U.S. GDP Shrank 0.6% in the Second Quarter – Technically That’s a Recession

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Photo by Wance Paleri on Unsplash

The U.S. economy shrank slightly less than the first reported 0.9% in the second quarter, coming in at 0.6% during a second read. However, it shrank.

According to the National Bureau of Economic Research, the “textbook definition” of recession is two consecutive quarters of negative economic growth and high unemployment, low or negative GDP growth, falling income, and slowing retail sales.

According to Fox Business News, the economy had declined 1.6% from January to March of 2020 due to a COVID-induced recession. Additionally, Fox reported that consumer spending and unemployment are also included as indicators of whether a recession is occurring.

According to the new report, although unemployment remains low, consumers are spending less than they did during the winter, with personal consumption expenditures inching up 1% for the period as high inflation consumed Americans’ purchasing power.

Jerome Powell, the chair of the Federal Reserve, told reporters last month he didn’t believe the U.S. was in recession.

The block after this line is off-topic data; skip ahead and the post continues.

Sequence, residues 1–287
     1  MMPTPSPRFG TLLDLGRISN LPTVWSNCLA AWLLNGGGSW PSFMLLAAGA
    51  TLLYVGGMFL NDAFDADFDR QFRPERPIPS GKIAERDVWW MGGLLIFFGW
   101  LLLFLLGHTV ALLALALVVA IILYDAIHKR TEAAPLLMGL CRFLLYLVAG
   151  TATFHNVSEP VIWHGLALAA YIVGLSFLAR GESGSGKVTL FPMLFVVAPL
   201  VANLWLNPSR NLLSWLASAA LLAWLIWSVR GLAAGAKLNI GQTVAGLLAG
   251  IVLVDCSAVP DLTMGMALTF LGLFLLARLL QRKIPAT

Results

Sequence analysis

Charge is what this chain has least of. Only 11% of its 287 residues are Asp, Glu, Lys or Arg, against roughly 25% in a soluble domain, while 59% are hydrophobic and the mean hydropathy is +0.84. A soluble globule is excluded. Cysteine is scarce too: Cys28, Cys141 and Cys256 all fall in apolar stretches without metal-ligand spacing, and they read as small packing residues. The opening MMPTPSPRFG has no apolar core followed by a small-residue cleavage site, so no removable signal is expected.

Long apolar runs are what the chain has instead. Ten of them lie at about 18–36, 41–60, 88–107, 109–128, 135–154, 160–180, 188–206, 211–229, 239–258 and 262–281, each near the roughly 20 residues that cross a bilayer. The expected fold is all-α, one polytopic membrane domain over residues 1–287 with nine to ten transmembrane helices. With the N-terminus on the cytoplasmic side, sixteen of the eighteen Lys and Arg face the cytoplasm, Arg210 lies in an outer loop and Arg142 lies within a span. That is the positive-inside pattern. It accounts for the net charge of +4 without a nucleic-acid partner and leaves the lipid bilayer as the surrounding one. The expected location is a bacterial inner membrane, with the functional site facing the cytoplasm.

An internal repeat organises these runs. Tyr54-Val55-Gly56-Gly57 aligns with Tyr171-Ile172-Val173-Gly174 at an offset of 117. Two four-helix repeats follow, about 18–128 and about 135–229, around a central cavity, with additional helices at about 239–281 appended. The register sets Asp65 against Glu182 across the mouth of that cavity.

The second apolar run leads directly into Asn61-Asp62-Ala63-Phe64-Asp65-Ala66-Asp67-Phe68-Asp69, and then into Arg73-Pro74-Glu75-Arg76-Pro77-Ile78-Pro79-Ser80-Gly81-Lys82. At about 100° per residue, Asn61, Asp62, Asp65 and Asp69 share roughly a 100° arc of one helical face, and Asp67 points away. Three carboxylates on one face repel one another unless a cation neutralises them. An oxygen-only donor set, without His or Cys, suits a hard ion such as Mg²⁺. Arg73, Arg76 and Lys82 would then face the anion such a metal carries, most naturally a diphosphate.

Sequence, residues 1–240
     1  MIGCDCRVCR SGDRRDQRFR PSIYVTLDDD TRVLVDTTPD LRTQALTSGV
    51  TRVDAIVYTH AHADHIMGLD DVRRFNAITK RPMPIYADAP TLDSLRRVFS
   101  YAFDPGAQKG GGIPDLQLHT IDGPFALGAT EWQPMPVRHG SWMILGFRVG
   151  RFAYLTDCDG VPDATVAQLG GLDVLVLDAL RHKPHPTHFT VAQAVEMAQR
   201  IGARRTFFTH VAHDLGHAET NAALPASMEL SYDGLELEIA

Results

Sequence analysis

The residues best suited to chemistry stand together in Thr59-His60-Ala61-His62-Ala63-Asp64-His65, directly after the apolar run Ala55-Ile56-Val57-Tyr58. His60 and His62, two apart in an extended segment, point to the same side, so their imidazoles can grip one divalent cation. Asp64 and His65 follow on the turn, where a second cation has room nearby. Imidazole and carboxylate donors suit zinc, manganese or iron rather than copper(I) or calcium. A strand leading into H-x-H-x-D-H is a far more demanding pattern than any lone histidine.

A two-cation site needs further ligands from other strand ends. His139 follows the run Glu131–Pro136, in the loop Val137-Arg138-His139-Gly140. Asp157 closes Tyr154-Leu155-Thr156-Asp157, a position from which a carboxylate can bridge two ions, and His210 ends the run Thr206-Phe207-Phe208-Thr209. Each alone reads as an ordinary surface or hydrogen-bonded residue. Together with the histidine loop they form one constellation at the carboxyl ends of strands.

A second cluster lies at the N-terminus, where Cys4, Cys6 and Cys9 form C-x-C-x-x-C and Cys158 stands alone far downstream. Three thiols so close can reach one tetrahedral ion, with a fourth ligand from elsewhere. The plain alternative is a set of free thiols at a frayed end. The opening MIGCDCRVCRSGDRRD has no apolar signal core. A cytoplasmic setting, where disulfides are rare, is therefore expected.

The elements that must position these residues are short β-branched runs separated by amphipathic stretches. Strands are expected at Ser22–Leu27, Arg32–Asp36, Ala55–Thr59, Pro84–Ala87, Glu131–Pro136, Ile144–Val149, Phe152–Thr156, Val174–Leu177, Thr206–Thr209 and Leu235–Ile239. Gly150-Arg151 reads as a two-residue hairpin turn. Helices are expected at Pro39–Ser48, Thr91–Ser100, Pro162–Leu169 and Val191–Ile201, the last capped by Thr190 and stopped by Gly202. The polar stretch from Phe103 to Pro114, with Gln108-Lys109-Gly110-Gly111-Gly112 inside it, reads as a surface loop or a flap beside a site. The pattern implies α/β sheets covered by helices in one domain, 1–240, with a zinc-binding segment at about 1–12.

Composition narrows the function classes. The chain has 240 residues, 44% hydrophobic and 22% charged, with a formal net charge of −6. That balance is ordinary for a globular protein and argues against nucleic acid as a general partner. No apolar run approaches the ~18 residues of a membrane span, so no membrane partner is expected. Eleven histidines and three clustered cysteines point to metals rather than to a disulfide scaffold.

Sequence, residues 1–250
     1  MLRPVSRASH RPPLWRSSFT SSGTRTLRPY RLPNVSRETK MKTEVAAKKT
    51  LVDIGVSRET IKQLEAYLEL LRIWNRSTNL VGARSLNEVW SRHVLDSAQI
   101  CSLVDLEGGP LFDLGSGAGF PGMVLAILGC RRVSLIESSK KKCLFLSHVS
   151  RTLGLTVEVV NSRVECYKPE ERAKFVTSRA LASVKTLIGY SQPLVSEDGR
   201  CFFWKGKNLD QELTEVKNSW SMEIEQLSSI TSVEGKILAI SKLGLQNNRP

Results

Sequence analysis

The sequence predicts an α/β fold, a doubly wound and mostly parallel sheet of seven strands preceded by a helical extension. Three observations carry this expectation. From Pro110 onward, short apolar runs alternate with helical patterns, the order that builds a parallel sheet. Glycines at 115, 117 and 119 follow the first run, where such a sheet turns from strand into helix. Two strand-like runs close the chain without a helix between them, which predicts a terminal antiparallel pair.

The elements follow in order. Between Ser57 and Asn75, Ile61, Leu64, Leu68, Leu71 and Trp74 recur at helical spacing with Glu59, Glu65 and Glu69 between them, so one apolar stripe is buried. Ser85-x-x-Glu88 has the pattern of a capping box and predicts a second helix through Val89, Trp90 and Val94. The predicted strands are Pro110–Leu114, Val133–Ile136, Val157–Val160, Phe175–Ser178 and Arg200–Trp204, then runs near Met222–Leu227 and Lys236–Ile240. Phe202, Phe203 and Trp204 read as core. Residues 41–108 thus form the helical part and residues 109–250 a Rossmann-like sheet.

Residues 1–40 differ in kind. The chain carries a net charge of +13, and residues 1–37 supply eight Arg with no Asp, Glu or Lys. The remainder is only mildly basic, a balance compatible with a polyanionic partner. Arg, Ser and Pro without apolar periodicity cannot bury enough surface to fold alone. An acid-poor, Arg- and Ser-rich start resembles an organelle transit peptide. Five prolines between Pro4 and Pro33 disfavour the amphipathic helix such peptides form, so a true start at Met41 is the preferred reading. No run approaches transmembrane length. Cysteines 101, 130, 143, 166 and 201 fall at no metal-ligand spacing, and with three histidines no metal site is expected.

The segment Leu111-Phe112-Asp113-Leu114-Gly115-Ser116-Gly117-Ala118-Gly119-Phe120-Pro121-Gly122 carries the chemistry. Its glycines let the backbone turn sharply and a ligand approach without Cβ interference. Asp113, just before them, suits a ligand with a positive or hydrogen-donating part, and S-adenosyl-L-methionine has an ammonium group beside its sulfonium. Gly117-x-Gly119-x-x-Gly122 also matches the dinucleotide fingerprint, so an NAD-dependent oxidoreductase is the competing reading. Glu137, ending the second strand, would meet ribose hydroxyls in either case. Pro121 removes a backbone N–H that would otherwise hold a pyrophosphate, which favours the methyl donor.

“I do not think the U.S. is currently in a recession, and the reason is there are too many areas of the economy that are performing too well,” Powell said. “This is a very strong labor market. … It doesn’t make sense that the economy would be in a recession with this kind of thing happening.”

However, the Fed pointed to “significant” interest rate hikes to cool the roaring inflation fire burning in the U.S.  Central bank policymakers raised the benchmark interest rate by 75 basis points in June and July for the first time since 1994. Another increase of that magnitude is possible in September, depending on forthcoming economic data.

Now, add in the concerns that Biden’s student loan forgiveness will increase inflation; if the U.S. isn’t currently in a recession, how long will that last?